In some cases, the mudra can express the surrender of your ego to a higher self. Such a spiritual approach helps to develop the practitioner’s consciousness.

What Are the Benefits of Anjali Mudra?

Improved Brain Activity

Holding left and right hand together exercises a better connection between the brain’s hemispheres. It builds more bonds between neurons, thus, promotes coordination, focus, and memory.

MRI of amygdala activation before and after a meditation session (Courtesy of Gaelle Desbordes)

Neural activation through the palms’ skin influences the brain’s activity and helps to create a better connection between the physical body and the brain.

Decrease of Physical and Emotional Tension

Another benefit you can get from Anjali mudra is releasing tension in your palms, wrist, fingers, and even shoulders.

Not all people notice that during the day their hands become tense and rigid. This may be related to work performed during that day. Or this may be caused by emotions that reside in your body and its parts.

The practice of Anjali mudra combined with simple pranayamas helps calm down [2], root in your body, and find the center of balance inside you.

Energy Centers Activation

When we speak about yoga techniques, it’s hard to stick only to the physical and visible world. So, yes, mudra practice affects the chakras functioning in your spiritual body as well.

Although there is not much evidence about chakras and how they work, and the research [1] is still in progress, yoga followers admit that they feel energy “flows” and “centers” within their bodies. These sensations are often described as bubbles, champagne sparkles, warm or cold flows, excitement in certain areas, etc.

So for today’s article, we’d consider that chakras do exist. Moreover, they can be activated and used by a yogi to live life better.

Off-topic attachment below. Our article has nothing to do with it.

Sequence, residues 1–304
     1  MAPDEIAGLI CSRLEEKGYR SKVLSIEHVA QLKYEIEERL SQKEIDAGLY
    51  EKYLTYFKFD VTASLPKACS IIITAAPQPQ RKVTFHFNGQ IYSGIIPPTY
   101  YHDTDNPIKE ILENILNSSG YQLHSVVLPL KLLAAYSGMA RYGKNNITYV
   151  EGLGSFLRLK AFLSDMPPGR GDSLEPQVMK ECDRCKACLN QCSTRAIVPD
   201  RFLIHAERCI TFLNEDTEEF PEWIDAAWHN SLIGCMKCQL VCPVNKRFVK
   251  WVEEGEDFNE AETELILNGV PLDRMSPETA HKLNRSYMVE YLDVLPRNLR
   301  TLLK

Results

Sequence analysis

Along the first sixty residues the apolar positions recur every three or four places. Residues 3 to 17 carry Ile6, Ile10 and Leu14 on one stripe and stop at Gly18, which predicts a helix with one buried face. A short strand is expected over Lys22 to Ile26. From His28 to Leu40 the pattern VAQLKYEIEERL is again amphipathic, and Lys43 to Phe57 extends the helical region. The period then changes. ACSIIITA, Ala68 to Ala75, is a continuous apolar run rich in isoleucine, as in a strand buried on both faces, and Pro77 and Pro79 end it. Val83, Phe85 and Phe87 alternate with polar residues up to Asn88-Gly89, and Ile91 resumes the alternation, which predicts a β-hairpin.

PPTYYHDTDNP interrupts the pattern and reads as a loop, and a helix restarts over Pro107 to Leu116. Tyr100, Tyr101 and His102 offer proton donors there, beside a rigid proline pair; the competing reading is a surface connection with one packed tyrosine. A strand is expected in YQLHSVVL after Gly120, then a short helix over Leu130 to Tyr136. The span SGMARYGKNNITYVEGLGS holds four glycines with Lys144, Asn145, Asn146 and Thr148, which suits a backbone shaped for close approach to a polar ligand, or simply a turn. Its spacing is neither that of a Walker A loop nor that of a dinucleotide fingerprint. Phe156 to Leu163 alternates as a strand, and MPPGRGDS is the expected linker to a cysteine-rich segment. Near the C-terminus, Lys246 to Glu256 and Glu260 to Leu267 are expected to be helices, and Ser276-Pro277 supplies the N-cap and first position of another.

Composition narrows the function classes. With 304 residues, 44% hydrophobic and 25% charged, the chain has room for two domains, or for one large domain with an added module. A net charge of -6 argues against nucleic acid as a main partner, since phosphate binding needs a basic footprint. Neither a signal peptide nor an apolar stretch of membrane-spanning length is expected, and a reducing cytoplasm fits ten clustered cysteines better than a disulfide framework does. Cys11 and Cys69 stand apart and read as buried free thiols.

Anjali mudra helps to open the Heart Chakra or Anahata. This, in turn, leads to activation of energy centers located higher, like Vishudha (throat center) or Ajna (energy center between eyebrows). The better energy flow from lower centers to upper ones allows yogis to stay youthful and active to live on their potential to the full.

Several Variations of Anjali Mudra

There is more than one option to exercise Anjali mudra. The most traditional way is to hold your palms in front of your heart center (middle of the ribcage). But there are a few more options:

Up above your head. This position is believed to connect you to the eternal consciousness or higher Self. It helps to gain new experiences during the meditation practice.

Right on the top of your head. This Anjali seal activates Crown chakra and awakens your spirit. Sometimes, it’s called Kailash mudra.

In front of your forehead. This way, Anjali mudra activates the third eye, intuition, and links your body with your spirit. On the physical level, regular practice of concentration on this area regulates the work of the pineal gland and balances the nervous system.

Next to your throat. The Throat center is liable for our voice and communication. So practicing Anjali mudra in front of your throat strengthens your throat and takes down the blocks located in this area.

References:
1) Clinical Trial on Specific Transcriptome Changes Associated with Blood Pressure Reduction in Hypertensive Patients After Relaxation Response Training, 2018
2) Effect of yoga practices in reducing counterproductive work behavior, 2016

About

Stephanie started her yoga journey back in 2018 in an Ashtanga class. She likes to experiment and try new challenging postures and yoga tricks. When off the mat, sharing yoga lifehacks is another thing to do. She believes that energy settled in a safe and physically correct form can make you feel better not only in your body but deep inside your soul too.